A victory for open justice

2012-08-11 12:36

Acentury ago, US Supreme Court Justice Louis Brandeis made the statement that “sunshine is said to be the best of disinfectants”. It has long been accepted that court proceedings are in principle open to the public and the media.

The Constitution provides that freedom of expression not only entails the right to express opinions, but also the right to receive and impart information.

And it is precisely in this respect that the media plays a key role in realising the public’s right to freedom of expression.

The Constitution opened up various other forums to the media and thus the public at large.

The proceedings before the Hefer commission of inquiry into allegations against former national director of public prosecutions Vusi Pikoli were broadcast live.

Likewise, the Judicial Service Commission in 2009 was forced to allow the media to cover their hearing into the complaint lodged by Constitutional Court judges against Cape judge John Hlophe.

The boundaries of openjustice were recently again placed under the spotlight by virtue of an urgent court application brought by Media24, Avusa Media and M-Net, seeking access by the media to the National Prosecuting Authority’s (NPA) disciplinary hearing of prosecutor Glynnis Breytenbach.

The NPA opposed the application, arguing that disciplinary proceedings by an employer against an employee are by their very nature private and that the public therefore has no legitimate interest in such proceedings.

But North Gauteng High Court judge Ronel Tolmay disagreed.

She found that the NPA is “no ordinary employer”, but in fact a public institution with a particular constitutional mandate to prosecute crimes “without fear, favour or prejudice”.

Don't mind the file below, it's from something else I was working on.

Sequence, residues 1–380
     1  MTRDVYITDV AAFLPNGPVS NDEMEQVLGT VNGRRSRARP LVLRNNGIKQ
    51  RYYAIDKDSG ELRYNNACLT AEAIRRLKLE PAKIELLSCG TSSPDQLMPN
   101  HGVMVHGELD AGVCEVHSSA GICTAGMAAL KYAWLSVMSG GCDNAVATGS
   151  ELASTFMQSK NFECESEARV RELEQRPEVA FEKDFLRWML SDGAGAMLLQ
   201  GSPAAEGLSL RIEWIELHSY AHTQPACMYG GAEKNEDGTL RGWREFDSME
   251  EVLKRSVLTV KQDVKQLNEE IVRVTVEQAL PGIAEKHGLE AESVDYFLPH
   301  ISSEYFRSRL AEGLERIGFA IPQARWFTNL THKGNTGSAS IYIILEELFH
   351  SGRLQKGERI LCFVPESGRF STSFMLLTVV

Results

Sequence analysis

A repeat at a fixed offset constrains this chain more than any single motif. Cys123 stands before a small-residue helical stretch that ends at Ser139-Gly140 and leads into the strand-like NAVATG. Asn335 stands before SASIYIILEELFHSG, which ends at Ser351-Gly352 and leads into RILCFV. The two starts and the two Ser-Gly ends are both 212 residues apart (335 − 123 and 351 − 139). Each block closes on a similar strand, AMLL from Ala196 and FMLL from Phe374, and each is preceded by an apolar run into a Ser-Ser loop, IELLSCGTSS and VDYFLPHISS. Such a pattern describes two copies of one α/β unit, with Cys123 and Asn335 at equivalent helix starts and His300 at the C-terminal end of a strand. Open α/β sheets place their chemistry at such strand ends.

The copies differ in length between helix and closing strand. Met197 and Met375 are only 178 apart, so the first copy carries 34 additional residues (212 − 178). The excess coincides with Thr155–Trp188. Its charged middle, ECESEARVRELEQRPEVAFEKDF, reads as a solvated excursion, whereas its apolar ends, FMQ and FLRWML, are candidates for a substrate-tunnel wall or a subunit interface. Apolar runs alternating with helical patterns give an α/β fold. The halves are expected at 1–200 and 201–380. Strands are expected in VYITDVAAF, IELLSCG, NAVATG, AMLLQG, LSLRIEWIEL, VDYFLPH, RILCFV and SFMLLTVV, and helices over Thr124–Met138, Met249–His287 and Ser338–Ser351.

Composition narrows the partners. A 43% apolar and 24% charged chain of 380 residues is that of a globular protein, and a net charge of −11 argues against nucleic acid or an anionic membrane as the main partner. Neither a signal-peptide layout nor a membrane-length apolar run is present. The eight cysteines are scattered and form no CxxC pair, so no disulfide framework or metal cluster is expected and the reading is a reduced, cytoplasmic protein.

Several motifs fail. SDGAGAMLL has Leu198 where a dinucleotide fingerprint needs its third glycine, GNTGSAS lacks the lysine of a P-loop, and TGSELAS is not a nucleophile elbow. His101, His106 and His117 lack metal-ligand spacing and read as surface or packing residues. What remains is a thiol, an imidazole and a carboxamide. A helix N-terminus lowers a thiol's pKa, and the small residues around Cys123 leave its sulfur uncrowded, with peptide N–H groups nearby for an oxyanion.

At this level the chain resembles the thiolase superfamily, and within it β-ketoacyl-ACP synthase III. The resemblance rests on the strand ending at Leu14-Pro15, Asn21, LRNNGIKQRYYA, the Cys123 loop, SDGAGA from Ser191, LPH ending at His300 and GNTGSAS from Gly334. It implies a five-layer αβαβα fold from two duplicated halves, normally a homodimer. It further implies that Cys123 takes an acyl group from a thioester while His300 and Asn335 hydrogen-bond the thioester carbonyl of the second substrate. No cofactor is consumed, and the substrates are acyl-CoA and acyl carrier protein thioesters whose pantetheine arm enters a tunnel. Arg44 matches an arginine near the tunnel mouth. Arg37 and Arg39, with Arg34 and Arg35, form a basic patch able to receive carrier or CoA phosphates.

Tolmay found when allegations arise that the NPA or any of its members have acted in breach of its constitutional duties, it becomes a matter of “inherent and critical public interest” in which the public has an “undeniable right” to be fully informed.

The court ruled that, given the controversy around Breytenbach’s suspension, the disciplinary hearing could no longer be described as private.

Tolmay emphasised that the presence of the media is necessary to “restore the credibility of the NPA” so as to avoid a “constitutional crisis”.

The print media was given full access to the hearing and, subject to certain restrictions, the broadcast media too.

The numerous media reports over the past couple of weeks, giving a day-by-day account of Breytenbach’s hearing, would not otherwise have seen the light.

The judgment is an important milestone in the development of the law around openjustice.

It is a victory for the right of the public to be fully informed about the functioning of important state institutions such as the NPA.

It also sends a strong message that state institutions are accountable to the public.

The days of justice behind closed doors are over. This judgment is indeed a ray of sunshine in our jurisprudence.

»De Klerk is a media attorney in Johannesburg. He acted on behalf of Media24 in this matter


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